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What are the Dangers of Ecstasy?
When MDMA (ecstasy) was developed initially, doctors used it in controlled medical settings to help couples who were undergoing counselling and as a diet aid. However like many other mood-altering substances, abuse of MDMA increased and as a result, it was declared illegal in 1985. The drug was especially popular among young Caucasian partygoers for the effects it produced. Ecstasy abuse has remained high, with more users in other ethnic groups taking up the habit.
Ecstasy works by interfering with serotonin transmission in the brain. Serotonin is a chemical produced in the brain that plays an important role in regulating mood, sleep, sensitivity to pain, memory and learning. MDMA binds to serotonin transmitters in the brain and prolongs serotonin transmission thereby increasing the production of serotonin. It also stimulates the production of dopamine on a smaller scale.
Increased serotonin and dopamine levels produce pleasant, euphoric feelings that last about three-four hours, emotional warmth, distorted perception of time and increased energy. Users also report feeling empathic and emotionally relaxed.
The short and long term effects of ecstasy however are anything but pleasant. On the short term, an user may feel depressed after the effects of the drug wear off. This is caused by depletion of the normal levels of serotonin in the brain.
Dangers of ecstasy
Some of the physiological effects of ecstasy include raised body temperature and heart rate. With the increased energy levels, users in high temperatures party settings dance for prolonged hours, which often lead to excessive sweating, dehydration and heat stroke (hyperthermia). When ecstasy is used together with alcohol, the risk of dehydration becomes higher.
Dangerously high temperatures and dehydration can cause kidney and liver failure. Ecstasy causes the release of norepinephrine, which raises the heart rate, a potential danger for people with cardiovascular disease. Some users of the drug experience negative reactions to the drug, including confusion, sleep problems, severe anxiety and depression, paranoia and hallucinations.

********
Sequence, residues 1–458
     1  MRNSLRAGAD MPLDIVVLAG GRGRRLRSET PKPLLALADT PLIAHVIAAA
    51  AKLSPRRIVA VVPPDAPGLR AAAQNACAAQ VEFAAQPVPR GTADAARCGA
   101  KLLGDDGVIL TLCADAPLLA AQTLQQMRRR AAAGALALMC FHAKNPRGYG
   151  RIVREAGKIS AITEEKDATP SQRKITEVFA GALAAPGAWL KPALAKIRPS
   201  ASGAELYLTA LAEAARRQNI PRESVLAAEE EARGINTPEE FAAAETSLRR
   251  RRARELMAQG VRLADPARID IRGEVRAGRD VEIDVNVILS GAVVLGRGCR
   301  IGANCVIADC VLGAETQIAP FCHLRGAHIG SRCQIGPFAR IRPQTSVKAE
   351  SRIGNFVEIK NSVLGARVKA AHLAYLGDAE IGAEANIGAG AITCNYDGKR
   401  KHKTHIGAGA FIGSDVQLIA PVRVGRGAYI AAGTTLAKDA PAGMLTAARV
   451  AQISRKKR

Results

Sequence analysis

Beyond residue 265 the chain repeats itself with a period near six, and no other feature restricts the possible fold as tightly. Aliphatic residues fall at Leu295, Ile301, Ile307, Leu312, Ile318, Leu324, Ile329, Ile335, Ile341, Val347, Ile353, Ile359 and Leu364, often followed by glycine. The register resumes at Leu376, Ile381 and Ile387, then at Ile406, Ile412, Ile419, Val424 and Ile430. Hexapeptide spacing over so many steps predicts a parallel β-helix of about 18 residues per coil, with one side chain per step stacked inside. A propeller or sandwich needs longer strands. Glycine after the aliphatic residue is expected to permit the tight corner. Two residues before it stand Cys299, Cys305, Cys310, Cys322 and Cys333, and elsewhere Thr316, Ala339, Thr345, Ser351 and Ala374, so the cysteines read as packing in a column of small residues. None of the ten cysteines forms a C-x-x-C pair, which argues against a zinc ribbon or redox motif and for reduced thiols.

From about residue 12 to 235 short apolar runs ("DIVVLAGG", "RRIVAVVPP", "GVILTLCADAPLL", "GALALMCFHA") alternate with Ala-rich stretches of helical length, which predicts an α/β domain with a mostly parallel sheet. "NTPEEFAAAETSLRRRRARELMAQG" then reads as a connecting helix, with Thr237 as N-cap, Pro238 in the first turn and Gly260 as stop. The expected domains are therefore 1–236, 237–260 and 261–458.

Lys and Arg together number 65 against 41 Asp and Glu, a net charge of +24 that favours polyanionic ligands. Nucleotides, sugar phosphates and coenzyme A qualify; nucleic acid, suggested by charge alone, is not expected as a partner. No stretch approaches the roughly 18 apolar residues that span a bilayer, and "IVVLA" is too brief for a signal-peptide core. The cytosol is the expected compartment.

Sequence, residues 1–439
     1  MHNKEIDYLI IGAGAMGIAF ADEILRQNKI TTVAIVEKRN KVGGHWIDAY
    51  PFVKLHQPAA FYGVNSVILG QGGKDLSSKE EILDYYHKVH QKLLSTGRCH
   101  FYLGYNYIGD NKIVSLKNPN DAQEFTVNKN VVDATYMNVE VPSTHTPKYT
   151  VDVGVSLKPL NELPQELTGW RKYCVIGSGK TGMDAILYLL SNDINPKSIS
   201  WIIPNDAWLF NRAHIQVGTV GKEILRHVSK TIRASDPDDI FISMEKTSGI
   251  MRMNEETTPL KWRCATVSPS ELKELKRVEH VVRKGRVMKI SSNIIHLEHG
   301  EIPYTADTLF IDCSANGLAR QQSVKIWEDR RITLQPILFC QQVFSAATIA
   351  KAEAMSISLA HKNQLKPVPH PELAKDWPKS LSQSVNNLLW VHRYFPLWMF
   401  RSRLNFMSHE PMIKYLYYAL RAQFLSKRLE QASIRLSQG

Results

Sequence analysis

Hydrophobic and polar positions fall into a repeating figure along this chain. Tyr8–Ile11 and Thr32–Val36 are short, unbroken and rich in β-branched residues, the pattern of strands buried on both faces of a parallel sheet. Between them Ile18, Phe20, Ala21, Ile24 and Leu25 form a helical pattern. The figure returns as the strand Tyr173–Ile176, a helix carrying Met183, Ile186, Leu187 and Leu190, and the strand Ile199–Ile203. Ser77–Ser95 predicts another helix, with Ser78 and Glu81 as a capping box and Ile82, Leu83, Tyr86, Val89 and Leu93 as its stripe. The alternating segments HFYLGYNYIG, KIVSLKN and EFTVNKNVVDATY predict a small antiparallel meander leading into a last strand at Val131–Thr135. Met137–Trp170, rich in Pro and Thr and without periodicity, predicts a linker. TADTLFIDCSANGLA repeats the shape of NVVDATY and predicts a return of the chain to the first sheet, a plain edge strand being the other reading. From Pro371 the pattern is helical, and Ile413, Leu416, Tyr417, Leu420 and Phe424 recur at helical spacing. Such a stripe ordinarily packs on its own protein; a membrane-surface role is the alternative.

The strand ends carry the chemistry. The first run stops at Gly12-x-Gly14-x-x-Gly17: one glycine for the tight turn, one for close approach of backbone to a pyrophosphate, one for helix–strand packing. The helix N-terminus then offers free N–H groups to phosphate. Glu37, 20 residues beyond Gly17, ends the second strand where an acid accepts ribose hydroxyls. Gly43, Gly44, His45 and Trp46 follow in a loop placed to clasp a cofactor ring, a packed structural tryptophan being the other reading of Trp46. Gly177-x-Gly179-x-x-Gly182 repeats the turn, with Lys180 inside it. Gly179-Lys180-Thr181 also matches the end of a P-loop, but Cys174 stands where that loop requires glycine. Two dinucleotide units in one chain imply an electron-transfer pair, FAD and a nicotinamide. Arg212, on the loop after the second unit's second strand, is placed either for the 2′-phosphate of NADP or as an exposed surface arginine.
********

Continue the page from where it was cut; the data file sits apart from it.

Users of ecstasy are often exposed to harmful substances. The drug, which is normally swallowed in 60-120 mg pills, is sold through the black market. The components of these pills are not always known. Sometimes the pills are laced with dangerous substances such as rat poison, cocaine and heroine, atropine and toxic substances such as dextromethorphan (DXM), a cough suppressant, ketamine (an anesthetic that is normally used by vets on animals) and PMA (paramethoxyamphetamine). Identifying these substances is difficult because the drug is produced in unregulated and illegal laboratories. The tablets are normally marked with underground brand names and symbols to identify them such as smiley faces and clover leaves among others.
The effects produced by ecstasy mean that users' judgement is distorted it makes them less cautious. Engaging in risky behaviour such as having multiple sexual partners, binge drinking, cigarette smoking and other forms of reckless behavior is therefore common in people who use ecstasy. Users are often at a high risk of contracting HIV and other sexually transmitted infections and unwanted pregnancies.
Long term consequences
Studies show that ecstasy impairs the serotonin production mechanism in the brain, causing the serotonin levels to drop significantly with prolonged use. This affects the brain's functions of information retention, learning and mood regulation. People who use ecstasy especially in combination with other drugs over a long period tend to perform poorly on cognitive tasks such as learning and memory. Even though users recover with treatment and abstinence from the drug, some of the effects of these drugs can last a long time even after the person stops using the drug. In one study conducted on primates, the subjects' nerve terminals that are responsible for serotonin production showed signs of damage up to seven years after ecstasy was administered for only four days.
Other studies have shown that women are more vulnerable to the effects of ecstasy on their serotonin receptors. In addition, people who have never used ecstasy have normal functioning serotonin mechanisms when compared to those who have used the drug.
Ecstasy is addictive and can result in tolerance. After using it over a long period, the user's body adjusts itself to the drug and the person needs higher doses to experience similar effects. Common signs of addiction are an increase in use, needing higher doses and obsession with getting more supplies as well as difficulty in functioning normally without the drug. Stopping usage can cause withdrawal symptoms such as nausea, involuntary clenching of teeth, blurred vision, chills and sweating, muscle tension and feeling faint.
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